Technical Analysis

Some think that technical analysis is hocus-pocus but the reality is it’s nothing like that at all. Good technical analysis is the art of recognizing patterns as they relate to price. For years, fundamental analysts have mocked technical analysts, regarding them as little better than palm readers.

Nobody doubts that fundamental events, such as earnings reports and news of corporate wrongdoing, can and will move stocks. The fact is that there are also plenty of stocks that do not move based on the strength or weakness of the company’s balance sheet.

Technical analysts use a chart to measure the weakness or strength of a stock. The price is the market’s “scoreboard” on a stock and technical analysis is all about price and is the reflection of everything that is known and what people perceive about a stock at any given time. So the chart used to evaluate stocks is a bit like an x-ray, looking into the bones of that stock.

When evaluating a stock, a technical analyst begins with the obvious resistance and support levels. These are the price levels where the stock gets stuck, refusing to drop further than the low point or unable to rise above the high point.

Double bottoms and double tops.

Two of the common chart patterns are known as “double bottoms and “double tops”.

A double top describes a pattern where the price of a stock reaches a peak, falls and then goes on to regain the original peak further in the future. You’ll most often find that a sock that hits a previously held peak will sell off. Why does this happen? Experienced technical analysts would say that the traders who bought at the first peak anticipating that the stock would continue to rise were disappointed when it fell. Those investors hold on until the stock returns to its previous levels and once that happens, they are relieved and sell the stock, which makes it fall all over again.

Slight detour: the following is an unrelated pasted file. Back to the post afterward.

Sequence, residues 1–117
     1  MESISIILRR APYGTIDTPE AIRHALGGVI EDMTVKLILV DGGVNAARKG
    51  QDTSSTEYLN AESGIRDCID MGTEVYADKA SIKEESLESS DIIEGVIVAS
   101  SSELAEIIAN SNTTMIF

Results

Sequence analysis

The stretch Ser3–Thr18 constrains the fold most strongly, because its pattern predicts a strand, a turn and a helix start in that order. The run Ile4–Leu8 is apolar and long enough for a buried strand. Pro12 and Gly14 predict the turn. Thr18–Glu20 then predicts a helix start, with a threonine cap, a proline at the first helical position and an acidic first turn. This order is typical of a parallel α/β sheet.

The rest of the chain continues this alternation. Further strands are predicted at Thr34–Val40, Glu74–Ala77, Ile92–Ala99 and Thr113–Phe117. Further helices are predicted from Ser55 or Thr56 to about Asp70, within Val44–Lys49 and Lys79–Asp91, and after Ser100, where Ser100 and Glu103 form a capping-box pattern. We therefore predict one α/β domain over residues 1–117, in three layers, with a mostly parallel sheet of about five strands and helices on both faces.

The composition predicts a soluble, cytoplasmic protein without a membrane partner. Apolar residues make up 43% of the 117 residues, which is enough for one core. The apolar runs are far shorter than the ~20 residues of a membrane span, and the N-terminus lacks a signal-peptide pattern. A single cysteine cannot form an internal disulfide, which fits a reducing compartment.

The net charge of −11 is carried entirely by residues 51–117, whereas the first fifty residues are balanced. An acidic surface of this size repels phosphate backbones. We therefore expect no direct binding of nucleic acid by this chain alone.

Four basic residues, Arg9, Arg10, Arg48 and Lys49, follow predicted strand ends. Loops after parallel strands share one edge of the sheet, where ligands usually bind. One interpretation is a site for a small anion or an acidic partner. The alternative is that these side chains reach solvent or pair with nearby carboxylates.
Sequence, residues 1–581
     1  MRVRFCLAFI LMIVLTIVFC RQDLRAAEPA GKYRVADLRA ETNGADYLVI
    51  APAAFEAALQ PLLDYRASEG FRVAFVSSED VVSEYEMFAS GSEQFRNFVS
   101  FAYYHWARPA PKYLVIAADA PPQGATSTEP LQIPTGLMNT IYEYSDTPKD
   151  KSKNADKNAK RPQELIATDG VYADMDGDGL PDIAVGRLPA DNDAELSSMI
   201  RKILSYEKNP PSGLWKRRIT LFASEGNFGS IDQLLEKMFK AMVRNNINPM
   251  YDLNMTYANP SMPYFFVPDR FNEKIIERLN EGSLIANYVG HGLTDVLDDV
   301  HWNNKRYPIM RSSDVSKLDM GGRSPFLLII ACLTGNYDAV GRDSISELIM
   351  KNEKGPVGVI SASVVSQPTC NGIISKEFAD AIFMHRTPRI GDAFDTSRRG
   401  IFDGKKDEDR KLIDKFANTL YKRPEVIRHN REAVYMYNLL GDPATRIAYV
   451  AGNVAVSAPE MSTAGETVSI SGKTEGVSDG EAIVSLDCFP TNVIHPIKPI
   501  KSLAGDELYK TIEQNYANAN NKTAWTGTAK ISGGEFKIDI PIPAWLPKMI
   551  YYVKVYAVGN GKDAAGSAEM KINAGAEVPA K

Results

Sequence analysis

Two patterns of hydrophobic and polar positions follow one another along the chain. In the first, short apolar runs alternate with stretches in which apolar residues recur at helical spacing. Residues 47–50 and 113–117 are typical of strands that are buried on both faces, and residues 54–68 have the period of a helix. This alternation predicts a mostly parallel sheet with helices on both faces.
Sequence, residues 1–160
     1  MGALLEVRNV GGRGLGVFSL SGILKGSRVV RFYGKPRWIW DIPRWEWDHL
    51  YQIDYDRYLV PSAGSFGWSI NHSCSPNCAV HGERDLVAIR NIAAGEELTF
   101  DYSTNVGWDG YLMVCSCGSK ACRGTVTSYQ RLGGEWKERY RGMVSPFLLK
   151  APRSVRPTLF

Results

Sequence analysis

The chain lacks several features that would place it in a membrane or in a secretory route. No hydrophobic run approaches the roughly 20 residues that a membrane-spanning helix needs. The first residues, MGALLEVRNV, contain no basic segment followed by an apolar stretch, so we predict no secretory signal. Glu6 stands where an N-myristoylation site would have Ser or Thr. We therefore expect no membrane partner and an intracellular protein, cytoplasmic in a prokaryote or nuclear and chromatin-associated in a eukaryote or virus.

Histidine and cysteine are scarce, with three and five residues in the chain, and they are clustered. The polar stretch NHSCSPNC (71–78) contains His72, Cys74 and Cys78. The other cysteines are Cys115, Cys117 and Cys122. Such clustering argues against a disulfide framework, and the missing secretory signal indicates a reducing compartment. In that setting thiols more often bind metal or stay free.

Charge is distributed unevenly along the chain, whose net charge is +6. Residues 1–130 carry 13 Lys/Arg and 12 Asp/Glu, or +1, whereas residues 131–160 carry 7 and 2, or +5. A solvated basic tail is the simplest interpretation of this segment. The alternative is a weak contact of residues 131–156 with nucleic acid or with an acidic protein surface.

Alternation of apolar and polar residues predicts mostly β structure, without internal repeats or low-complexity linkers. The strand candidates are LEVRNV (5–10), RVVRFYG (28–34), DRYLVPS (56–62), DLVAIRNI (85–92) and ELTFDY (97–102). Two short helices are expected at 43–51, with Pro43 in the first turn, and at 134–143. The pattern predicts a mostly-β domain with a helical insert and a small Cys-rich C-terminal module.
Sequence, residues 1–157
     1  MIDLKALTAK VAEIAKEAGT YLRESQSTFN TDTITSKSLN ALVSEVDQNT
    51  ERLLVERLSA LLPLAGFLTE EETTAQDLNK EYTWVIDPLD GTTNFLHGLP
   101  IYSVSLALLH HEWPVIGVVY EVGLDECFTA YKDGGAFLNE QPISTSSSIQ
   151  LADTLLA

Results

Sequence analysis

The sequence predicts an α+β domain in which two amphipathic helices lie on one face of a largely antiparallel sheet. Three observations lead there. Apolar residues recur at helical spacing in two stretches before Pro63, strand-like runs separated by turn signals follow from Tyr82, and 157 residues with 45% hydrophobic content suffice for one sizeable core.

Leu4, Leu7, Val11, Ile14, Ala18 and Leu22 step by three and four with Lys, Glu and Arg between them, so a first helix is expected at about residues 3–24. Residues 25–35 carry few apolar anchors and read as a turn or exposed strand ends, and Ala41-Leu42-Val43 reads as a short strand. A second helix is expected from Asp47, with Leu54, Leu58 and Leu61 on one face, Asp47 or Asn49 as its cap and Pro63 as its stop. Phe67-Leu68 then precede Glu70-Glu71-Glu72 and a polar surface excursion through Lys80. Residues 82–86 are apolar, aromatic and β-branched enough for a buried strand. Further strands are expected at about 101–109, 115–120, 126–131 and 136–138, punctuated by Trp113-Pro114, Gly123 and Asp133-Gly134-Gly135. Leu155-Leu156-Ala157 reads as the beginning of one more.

The psychology of the stock market as a whole plays a big role in technical analysis. After all, for the most part, trades are made by human beings (although trading run on programs is becoming more common) and there is no way to completely separate human emotion from finance.

Bollinger Bands

Bollinger bands are another metric that gives a good indication of the psychology involved in technical analysis and the market. These bands contain 95% of the price action of the stock.

Another metric that is an indication of psychology of the market that is represented by technical analysis is the Bollinger Bands. These bands contain 95% of the price action of the stock. When a stock starts trading outside of the band, what typically happens is it begins to stall and trade sideways or retraces to return inside the band. Technical traders are acutely aware that when a stock starts moving too rapidly, it will soon begin to work its way back inside the bands (or revert back to the mean).

Volume

One of the most important but also most over-looked and under-utilized tools in technical analysis is volume. At certain levels, when price action occurs technical analysts can decide if the move is credible or not by looking at the participation of the investment community.

A high volume move has a lot more credibility than low volume moves. For example, a stock that is breaking above a key resistant point on higher than average volume will have more credibility.

Popular business shows, such as those on CNBC are beginning to incorporate technical analysis into their commentary, which provides evidence that this form of analysis is growing in popularity.

Traders don’t have to choose between following fundamental or technical analysis; the two are in no way mutually exclusive. To be a consistently successful trader in the market, it’s wise to embrace both disciplines.

At MarketTamer.com we can open up a new world of technical analysis to keep you ahead of the game. Come join a proven winning team today at www.markettamer.com.

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